But, unfortunately, that seems to be the reality for many Americans today.
Aside from waiting for borrowers to finish repaying their student loans, assuming they ever do, lawmakers are introducing solutions to tackle this crisis and help borrowers at a faster pace.
How the government is responding
If you keep up with politics at all, you’ve probably heard about a few proposals for student loan debt forgiveness in the U.S.
Some Democratic lawmakers, like senators Elizabeth Warren and Chuck Schumer, have been publicly pushing for up to $50,000 student loan forgiveness for every borrower in the country, calling on President Joe Biden to make it happen through executive action. This discourse has been among the most prominent, as Leonhardt says Warren and Schumer are very vocal and are “very focused on doing the maximum amount of impact at once.”
While we can’t say for certain this kind of forgiveness is an impossibility, it is unlikely that Biden will take such action, Leonhardt says.
Other Democratic lawmakers are calling for up to $10,000 student loan forgiveness for all borrowers, and this has been suggested as legislation that would need to be approved by Congress. But, despite the Democrats’ majority in the branches of federal government, they likely will not have the support required to pass such legislation. Though, Biden did say he would support this action if it were to pass through Congress.
According to a report from the U.S. Department of Education, more than 36 million Americans would benefit from student loan forgiveness of up to $50,000. More than 15 million Americans would reportedly benefit from forgiveness of up to $10,000.
Though the future of these two concepts is unclear, it’s important to note that there has been student loan forgiveness for many borrowers already this year. During the pandemic, the Biden administration forgave about $56 million in student loan debt for some 1,800 students who were potentially defrauded -- so, not just anyone can have their loans forgiven.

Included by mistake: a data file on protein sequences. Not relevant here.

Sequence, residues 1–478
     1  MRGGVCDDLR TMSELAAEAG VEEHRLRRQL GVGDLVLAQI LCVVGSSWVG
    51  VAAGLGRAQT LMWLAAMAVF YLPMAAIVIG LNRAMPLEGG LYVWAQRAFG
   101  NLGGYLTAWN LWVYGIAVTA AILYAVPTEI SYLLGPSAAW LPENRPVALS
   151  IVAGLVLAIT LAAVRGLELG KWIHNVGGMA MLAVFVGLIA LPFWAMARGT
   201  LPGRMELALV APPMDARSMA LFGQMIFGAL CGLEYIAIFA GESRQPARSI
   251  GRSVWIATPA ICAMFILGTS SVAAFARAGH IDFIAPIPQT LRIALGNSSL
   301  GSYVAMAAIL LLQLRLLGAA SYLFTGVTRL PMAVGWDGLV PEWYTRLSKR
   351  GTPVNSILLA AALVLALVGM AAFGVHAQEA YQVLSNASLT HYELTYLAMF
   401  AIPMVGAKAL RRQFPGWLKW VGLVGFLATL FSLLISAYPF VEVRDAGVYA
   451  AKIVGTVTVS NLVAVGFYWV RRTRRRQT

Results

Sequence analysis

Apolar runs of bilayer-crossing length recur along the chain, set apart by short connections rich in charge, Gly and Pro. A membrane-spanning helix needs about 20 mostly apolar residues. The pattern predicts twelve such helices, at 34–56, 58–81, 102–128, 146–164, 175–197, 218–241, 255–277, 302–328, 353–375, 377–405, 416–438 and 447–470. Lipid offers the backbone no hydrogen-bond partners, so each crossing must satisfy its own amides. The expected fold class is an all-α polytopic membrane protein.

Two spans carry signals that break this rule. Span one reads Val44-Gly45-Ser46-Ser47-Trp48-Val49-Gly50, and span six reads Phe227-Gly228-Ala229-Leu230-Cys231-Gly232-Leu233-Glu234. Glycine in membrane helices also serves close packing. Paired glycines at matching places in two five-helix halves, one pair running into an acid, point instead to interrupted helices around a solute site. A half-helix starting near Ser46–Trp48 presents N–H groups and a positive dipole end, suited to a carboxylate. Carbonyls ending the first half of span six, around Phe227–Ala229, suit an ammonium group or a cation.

Just weeks ago, the Biden administration announced that it will automatically erase more than $5.8 billion in student loan debt for more than 300,000 Americans who have severe disabilities that leave them unable to earn significant incomes.
While debt forgiveness has been the most discussed option in the media, it is certainly not the only option at play.
Leonhardt, who spoke with dozens of U.S. legislators, says that several other proposals have been introduced, or are being discussed, that address the student loan debt crisis in smaller, more foundational ways -- and these proposals may have more widespread support.
Such proposals include plans to reduce interest rates on federal student loans, or to lower student loan refinance rates. There has also been talk of allowing student loans to be discharged when a person files for bankruptcy, which has been difficult to achieve in the past.
There are also suggestions that look to prevent more student loans from being taken out in the first place, like increasing the amount of Pell Grants that are offered to students to help offset the costs of education. Just last week, the House approved a $3.5 trillion spending plan that would allow students to enroll in community college at no cost, which opens the door of education to many who may not be able to afford classes at a traditional 2- or 4-year institution.
Leonhardt says these kinds of proposals have been supported by lawmakers who don’t necessarily support blanket debt forgiveness, and they could certainly impact borrowers in a positive way.
But will these smaller, bit-by-bit proposals wipe out $1.6 trillion in student debt nationwide? Leonhardt says “probably not.”